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Diamond+++Aspinwall++2003 - P1 GRA Motivation and...

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Motivation and Emotion, Vol. 27, No. 2, June 2003 ( C 2003) Emotion Regulation Across the Life Span: An Integrative Perspective Emphasizing Self-Regulation, Positive Affect, and Dyadic Processes 1 Lisa M. Diamond 2 , 3 and Lisa G. Aspinwall 2 In this commentary, we build upon the papers featured in this 2-part special issue to advance an integrative perspective on emotion regulation that emphasizes the developmentally specific goal-contexts of emotional phenomena. We highlight the importance of (1) multilevel longitudinal investigations of interactions among biological, affective, cognitive, and behavioral processes with respect to emotion regulation; (2) the integration of emotion-regulation processes with self-regulatory processes across the life course; (3) the dynamic relationship between positive and negative affect and their respective influence on regulatory processes; and (4) greater consideration of the dyadic context of emotion-regulation processes. From this perspective, the optimal developmental outcome with respect to emotion regulation is not affective homeostasis, but rather a dynamic flexibility in emotional experience, the ability to pursue and prioritize different goals, and the capacity to selectively and proactively mobilize emotions and cognitions in the service of context-specific and developmentally specific goals. KEY WORDS: emotion regulation; self-regulation; positive affect; life-span development; multilevel analyses. Historically, effective regulation of emotions has been viewed as a developmen- tal achievement that serves as a prerequisite for numerous other developmental tasks. Specifically, because powerful emotions have the potential to disorganize and/or disrupt multiple psychological processes, modulation of their experience 1 We gratefully acknowledge Cynthia Berg, Mario Mikulincer, Monisha Pasupathi, and Annette Stanton for their helpful comments on an earlier version of this paper. 2 Department of Psychology, University of Utah, Salt Lake City, Utah. 3 Address all correspondence to Lisa M. Diamond, Department of Psychology, University of Utah, 380 South 1530 East, Room 502, Salt Lake City, Utah 84112-0251; e-mail: [email protected] 125 0146-7239/03/0600-0125/0 C 2003 Plenum Publishing Corporation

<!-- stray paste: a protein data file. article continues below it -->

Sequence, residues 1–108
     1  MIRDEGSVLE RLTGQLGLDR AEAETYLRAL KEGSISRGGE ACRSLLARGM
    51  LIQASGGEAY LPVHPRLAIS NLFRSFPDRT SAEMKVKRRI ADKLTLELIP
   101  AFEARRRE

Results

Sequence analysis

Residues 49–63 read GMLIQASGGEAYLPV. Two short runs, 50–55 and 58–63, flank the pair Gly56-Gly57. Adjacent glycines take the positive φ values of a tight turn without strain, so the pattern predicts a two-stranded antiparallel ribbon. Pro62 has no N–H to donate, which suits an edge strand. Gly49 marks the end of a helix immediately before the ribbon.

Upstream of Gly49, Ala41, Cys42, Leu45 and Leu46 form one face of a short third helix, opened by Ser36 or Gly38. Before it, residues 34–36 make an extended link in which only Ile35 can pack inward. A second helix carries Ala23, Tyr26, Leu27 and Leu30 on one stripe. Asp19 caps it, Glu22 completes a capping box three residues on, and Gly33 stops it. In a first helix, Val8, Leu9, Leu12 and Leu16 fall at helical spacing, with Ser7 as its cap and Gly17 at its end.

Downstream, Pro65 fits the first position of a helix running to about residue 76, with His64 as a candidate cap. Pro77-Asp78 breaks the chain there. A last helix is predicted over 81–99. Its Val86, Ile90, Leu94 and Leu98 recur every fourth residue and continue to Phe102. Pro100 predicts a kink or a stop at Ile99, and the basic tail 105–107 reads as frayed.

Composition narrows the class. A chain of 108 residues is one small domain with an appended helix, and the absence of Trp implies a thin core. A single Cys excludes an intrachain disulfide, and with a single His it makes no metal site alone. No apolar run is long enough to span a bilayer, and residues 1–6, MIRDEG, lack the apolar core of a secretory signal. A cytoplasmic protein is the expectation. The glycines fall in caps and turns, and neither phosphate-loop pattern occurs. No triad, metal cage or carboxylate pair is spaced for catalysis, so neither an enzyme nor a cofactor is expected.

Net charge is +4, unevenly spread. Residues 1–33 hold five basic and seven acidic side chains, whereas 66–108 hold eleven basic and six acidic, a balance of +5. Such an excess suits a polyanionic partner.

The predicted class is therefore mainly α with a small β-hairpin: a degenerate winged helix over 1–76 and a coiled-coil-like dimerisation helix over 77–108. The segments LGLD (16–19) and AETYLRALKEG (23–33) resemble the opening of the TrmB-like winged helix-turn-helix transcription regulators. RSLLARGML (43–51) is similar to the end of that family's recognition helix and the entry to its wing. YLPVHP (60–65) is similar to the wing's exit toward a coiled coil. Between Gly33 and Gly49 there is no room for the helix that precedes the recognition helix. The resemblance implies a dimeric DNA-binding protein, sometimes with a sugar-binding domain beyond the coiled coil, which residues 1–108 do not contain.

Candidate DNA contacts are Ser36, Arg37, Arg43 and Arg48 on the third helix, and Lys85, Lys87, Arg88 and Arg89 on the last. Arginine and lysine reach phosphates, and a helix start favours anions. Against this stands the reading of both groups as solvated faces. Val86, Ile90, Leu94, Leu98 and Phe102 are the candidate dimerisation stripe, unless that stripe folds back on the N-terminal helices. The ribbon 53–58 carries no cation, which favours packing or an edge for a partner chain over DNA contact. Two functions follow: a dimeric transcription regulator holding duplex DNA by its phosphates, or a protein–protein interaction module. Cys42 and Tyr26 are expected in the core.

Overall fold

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126 Diamond and Aspinwall and expression (through both intrapsychic and interpersonal processes) has been considered essential for basic state regulation, behavioral exploration, cognitive processing, and social competence (reviewed in Fox, 1994). According to this standard developmental view, infants and children initially rely on interactions with their caregivers to regulate their emotions, and they progressively internalize these abilities as they mature. Individual differences in capacities and strategies for emotion regulation carry over into adulthood, where they influence coping styles, problem solving, social support processes, relationship quality, and mental and physical health (Cooper, Shaver, & Collins, 1998; Fabes & Eisenberg, 1997; Repetti, Taylor, & Seeman, 2002).
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